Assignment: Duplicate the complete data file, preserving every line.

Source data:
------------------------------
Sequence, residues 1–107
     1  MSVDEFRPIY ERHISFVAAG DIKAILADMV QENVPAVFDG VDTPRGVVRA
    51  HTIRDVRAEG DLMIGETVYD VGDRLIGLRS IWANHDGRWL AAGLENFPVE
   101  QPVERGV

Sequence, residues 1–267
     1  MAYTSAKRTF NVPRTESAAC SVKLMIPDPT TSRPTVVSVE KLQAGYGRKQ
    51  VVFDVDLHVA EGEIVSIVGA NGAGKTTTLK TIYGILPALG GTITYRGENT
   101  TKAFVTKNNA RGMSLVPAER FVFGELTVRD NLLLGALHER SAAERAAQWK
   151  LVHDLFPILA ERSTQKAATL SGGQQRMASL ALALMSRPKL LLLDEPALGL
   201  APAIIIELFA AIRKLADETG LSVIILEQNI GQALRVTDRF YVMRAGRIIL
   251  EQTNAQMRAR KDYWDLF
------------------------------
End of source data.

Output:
Sequence, residues 1–107
     1  MSVDEFRPIY ERHISFVAAG DIKAILADMV QENVPAVFDG VDTPRGVVRA
    51  HTIRDVRAEG DLMIGETVYD VGDRLIGLRS IWANHDGRWL AAGLENFPVE
   101  QPVERGV

Sequence, residues 1–267
     1  MAYTSAKRTF NVPRTESAAC SVKLMIPDPT TSRPTVVSVE KLQAGYGRKQ
    51  VVFDVDLHVA EGEIVSIVGA NGAGKTTTLK TIYGILPALG GTITYRGENT
   101  TKAFVTKNNA RGMSLVPAER FVFGELTVRD NLLLGALHER SAAERAAQWK
   151  LVHDLFPILA ERSTQKAATL SGGQQRMASL ALALMSRPKL LLLDEPALGL
   201  APAIIIELFA AIRKLADETG LSVIILEQNI GQALRVTDRF YVMRAGRIIL
   251  EQTNAQMRAR KDYWDLF